The Case for Trade Show Audits

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An article in the Nov. 10 issue of BtoB magazine disclosed some timely and interesting information on the subject of trade show audits. It said trade show operator MediaLive International, "answering the call for third-party verification of its trade show numbers and demographics," had announced that it would obtain an attendance audit of its Comdex Las Vegas show.

The article continued, "MediaLive also announced the formation of the IT Event Management and Audit Council (IT EMAC), an independent group that will create and promote audit standards for the IT event industry." Among the members on this council were representatives of the BPA and major exhibitor companies such as business and trade publisher IDG, Microsoft, Quantum Corp and Tech Target.

This development is a welcome and long overdue step toward the honest reporting of attendance figures at industry conferences and trade shows. We hope that the operators of shows in direct marketing and related fields will follow suit immediately. Why? Because the exhibitors and sponsors - who account for the lion's share of the revenue at these events - are clearly entitled to quantitative and qualitative verification of the attendance at shows that they support.

The exhibitor and sponsor companies who are the financial backbone of our industry trade shows also happen to be the backbone of our industry trade journals. So let's compare the respective auditing standards between trade shows and trade magazines. When we started DM News in 1979, one of the first things we did was apply for a BPA circulation audit. We did that in part because we wanted to establish legitimacy and to show that we had a quality circulation to the supplier companies we hoped to attract as advertisers. We also did it because we had to.

Even then, a quarter of a century ago, it was the industry standard for publishers of business and trade journals to demonstrate the legitimacy of their audiences by submitting their circulation statistics to an independent auditor such as BPA. If you didn't have a proper audit of your circulation, you could basically forget about selling advertising - particularly to a company that was represented by an advertising agency.

Suffice it to say that a publication's circulation audit contains a wealth of useful information about the subscriber base - starting with the overall number of subscribers, then moving on to their job titles and types of business, geographic distribution, information on whether the subscriptions are paid or free, and if they are free, whether the subscribers requested the publication or were simply added from a directory or compiled list.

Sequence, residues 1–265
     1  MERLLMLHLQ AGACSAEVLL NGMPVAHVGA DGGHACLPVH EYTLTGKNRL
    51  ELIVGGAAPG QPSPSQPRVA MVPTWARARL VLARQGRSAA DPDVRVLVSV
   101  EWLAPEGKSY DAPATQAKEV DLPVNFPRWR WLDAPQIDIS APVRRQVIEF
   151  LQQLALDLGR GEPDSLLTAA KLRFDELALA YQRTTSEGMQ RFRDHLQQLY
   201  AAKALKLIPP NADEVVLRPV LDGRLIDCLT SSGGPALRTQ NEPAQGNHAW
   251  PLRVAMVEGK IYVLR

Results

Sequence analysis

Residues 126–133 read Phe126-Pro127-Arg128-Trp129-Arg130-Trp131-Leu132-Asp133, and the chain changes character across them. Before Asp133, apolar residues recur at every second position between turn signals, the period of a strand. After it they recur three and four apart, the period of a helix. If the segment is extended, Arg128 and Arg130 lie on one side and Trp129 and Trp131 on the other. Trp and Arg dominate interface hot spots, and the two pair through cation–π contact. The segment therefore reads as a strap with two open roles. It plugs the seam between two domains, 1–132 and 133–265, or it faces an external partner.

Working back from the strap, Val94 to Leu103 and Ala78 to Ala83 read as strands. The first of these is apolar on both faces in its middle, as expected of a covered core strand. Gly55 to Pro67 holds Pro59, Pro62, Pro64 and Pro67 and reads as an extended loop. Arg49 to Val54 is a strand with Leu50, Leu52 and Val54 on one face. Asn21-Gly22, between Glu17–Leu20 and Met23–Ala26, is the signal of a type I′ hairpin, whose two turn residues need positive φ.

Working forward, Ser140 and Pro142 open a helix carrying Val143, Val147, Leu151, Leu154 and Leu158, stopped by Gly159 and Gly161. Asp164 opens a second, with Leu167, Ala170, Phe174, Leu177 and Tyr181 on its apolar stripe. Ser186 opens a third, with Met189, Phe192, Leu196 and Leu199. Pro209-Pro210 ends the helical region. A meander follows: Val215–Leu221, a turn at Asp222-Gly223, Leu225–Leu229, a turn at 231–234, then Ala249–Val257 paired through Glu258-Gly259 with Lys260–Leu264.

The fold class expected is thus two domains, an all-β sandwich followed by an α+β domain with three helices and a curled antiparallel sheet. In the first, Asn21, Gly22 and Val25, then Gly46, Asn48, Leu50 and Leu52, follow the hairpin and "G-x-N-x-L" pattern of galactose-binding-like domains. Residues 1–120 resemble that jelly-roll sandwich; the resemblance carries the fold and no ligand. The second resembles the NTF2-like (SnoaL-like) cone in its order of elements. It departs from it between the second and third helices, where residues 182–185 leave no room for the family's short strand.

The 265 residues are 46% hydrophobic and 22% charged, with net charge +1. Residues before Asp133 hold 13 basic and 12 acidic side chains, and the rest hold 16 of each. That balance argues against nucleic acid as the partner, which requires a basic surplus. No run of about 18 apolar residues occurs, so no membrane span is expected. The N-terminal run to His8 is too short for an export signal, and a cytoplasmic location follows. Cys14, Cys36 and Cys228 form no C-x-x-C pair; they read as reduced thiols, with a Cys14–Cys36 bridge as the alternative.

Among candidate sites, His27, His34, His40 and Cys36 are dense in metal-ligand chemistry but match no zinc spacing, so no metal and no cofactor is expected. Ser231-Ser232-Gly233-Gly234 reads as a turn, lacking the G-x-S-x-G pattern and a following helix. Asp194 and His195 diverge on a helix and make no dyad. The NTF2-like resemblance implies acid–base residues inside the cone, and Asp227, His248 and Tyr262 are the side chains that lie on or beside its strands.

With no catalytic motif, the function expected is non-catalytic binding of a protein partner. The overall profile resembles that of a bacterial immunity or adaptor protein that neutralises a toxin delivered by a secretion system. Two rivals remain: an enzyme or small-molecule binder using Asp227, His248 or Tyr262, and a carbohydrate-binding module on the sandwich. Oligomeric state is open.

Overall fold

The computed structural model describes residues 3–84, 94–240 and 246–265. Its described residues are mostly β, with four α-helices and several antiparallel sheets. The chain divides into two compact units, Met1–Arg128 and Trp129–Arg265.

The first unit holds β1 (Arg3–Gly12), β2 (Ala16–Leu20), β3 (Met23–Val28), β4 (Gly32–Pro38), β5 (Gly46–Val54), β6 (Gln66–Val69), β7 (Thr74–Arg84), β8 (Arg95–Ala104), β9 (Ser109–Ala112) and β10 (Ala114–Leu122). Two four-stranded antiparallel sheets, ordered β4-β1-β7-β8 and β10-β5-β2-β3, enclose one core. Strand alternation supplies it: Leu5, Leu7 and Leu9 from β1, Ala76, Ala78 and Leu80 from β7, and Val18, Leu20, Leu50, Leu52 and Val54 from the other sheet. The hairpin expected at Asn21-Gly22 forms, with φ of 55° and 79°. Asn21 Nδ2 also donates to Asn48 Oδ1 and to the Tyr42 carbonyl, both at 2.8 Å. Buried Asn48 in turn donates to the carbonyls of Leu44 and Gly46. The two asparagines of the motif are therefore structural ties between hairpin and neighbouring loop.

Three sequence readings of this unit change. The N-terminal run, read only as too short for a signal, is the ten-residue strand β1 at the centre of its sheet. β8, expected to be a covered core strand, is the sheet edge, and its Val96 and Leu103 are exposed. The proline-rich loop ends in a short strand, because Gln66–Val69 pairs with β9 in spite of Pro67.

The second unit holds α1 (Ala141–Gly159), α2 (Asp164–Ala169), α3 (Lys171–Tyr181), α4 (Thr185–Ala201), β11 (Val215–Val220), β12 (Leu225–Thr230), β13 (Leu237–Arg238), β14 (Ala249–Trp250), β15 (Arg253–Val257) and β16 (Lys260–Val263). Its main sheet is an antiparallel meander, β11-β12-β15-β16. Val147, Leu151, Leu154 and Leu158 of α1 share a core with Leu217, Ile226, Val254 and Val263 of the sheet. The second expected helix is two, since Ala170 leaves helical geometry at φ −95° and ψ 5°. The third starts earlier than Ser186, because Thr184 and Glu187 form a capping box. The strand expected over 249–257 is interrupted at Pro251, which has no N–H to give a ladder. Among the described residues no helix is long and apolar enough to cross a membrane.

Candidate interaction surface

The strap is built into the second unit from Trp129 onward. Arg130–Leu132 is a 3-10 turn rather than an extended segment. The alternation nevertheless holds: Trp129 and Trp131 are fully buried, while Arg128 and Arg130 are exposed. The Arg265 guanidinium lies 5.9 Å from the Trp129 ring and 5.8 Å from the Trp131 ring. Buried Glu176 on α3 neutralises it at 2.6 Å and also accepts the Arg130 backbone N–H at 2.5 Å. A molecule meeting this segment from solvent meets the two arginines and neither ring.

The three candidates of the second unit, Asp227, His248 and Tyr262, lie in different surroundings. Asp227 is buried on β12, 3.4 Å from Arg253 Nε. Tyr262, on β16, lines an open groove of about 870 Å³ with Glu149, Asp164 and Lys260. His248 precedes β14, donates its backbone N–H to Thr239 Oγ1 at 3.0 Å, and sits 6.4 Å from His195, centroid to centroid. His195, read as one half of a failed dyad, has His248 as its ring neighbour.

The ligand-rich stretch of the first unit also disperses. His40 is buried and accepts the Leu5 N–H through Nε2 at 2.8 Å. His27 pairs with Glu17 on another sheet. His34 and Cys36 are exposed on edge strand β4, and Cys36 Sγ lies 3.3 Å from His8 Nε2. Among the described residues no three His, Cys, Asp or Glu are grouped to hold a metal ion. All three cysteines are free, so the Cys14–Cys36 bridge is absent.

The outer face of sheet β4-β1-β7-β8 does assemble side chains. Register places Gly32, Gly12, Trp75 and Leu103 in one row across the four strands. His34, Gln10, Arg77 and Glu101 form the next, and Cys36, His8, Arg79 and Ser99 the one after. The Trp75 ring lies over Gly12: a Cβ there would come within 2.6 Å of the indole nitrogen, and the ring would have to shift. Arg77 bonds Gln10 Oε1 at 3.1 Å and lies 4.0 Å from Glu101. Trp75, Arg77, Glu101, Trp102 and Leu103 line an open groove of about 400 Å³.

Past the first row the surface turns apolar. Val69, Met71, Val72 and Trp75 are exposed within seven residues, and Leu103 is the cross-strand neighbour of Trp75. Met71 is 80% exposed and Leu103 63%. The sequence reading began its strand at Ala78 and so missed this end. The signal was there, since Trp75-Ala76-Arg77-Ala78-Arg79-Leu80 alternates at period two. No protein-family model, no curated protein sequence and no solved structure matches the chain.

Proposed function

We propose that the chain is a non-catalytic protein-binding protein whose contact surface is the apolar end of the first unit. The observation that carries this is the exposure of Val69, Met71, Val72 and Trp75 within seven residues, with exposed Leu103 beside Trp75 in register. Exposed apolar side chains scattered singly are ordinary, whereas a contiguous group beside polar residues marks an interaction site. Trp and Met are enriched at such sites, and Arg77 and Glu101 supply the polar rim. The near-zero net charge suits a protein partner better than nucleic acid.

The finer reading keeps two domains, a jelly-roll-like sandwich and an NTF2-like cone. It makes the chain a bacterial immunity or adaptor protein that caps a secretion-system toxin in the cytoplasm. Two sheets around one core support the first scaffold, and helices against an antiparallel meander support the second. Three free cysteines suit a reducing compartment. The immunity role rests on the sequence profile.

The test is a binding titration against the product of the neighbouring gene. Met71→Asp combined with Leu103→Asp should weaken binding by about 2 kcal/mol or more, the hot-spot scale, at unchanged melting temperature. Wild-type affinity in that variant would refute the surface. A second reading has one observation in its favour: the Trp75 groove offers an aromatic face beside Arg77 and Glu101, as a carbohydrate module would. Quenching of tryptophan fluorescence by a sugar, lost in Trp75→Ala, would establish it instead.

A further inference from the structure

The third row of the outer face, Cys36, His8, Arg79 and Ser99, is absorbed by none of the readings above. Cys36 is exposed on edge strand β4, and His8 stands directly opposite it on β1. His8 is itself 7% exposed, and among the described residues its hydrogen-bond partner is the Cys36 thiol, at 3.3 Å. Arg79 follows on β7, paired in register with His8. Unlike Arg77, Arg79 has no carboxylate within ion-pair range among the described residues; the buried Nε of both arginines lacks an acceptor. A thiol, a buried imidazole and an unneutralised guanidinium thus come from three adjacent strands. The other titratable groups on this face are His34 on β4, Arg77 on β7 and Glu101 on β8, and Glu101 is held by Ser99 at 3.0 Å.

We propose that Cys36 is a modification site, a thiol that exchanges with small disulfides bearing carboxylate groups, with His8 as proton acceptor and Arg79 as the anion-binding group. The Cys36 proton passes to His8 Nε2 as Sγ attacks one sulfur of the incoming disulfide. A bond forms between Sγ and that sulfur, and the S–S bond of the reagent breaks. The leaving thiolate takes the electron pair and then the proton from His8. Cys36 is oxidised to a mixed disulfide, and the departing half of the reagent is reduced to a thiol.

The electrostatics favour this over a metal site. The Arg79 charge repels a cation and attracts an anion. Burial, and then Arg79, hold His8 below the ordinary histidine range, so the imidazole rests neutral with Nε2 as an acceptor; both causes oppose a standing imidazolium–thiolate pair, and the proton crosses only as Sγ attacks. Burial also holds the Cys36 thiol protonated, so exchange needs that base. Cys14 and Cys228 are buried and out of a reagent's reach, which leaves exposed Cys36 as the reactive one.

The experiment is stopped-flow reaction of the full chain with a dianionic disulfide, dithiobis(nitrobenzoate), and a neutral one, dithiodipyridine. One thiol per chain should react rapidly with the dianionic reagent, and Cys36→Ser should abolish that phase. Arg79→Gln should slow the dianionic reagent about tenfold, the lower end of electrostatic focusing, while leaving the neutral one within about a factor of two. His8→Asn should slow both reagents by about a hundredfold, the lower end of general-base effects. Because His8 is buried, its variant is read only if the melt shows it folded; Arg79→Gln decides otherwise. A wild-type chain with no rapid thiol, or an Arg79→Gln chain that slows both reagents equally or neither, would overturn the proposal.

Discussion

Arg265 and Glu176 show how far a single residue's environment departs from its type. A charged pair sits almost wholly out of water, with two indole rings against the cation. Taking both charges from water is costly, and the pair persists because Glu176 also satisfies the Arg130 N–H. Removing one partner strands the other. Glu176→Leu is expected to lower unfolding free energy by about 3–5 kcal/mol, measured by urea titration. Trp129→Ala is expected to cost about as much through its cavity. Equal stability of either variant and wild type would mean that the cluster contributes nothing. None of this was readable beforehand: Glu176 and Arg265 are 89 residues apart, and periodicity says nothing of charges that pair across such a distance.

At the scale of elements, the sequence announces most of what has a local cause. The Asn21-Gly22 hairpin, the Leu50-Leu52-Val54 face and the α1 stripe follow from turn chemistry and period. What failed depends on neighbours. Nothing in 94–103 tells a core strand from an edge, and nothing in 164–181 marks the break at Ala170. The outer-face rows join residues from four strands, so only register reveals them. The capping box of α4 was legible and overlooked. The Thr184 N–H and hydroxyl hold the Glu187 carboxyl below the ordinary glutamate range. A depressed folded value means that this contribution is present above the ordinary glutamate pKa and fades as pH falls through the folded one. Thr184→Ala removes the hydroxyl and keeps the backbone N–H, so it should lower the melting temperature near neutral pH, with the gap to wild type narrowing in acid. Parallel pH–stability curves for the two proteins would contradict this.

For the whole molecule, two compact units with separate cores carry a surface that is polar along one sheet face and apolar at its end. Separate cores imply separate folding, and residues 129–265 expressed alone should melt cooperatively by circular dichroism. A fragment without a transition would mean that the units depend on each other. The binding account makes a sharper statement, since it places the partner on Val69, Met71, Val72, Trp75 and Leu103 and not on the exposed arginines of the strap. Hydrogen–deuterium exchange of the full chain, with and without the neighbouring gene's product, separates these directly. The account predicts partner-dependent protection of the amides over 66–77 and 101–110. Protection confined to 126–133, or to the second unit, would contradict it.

In stark contrast, to the best of our knowledge, there isn't a single conference or trade show in direct marketing or related fields that can produce a quantitative or qualitative audit of its attendance. While the operators of some shows occasionally do release figures, we've been amused, on several occasions, to make an unofficial count of several hundred or so people that we could see in attendance at a given event and then later go to the organizer's Web site and read about the thousands who had supposedly attended (obviously at a different time from when we were there).

The potential for embarrassment at this type of discrepancy may account for why the Direct Marketing Association, which is full or part owner of most of the shows in the DM field, has adopted a policy of not releasing attendance figures at all - a policy that is faithfully repeated to trade publication reporters and, presumably, exhibitors and sponsors every time they ask about attendance figures for a given show. Forget about job titles, demographics and buying influence. Forget about whether they paid to get in. The DMA won't even tell you how many people attended the show!

Can you imagine what would happen to a business magazine or newspaper that said to its prospective advertisers, "It's our policy not to release our circulation figures?" You would not see too many more issues of that publication.

We think it's high time for the DMA and other trade show operators in this field to start showing a little more respect for the supplier companies who have faithfully supported their shows for years based on the "honor system" - or the DMA variation, which bluntly informs exhibitors and sponsors, "Just because you pay the bills, don't think this gives you a right to know what you're paying for."

In light of Enron, Global Crossing, Worldcom, Arthur Andersen, HealthSouth, Tyco, Wall Street's star analysts, the mutual fund industry and countless other examples of contemporary corporate ethics, does anyone still believe in the "honor system"? We vote for the formation of a new council of exhibitors and sponsors, working in collaboration with the BPA auditing organization (who would readily cooperate): "The Direct Marketing Event Management and Auditing Council (DM EMAC)."


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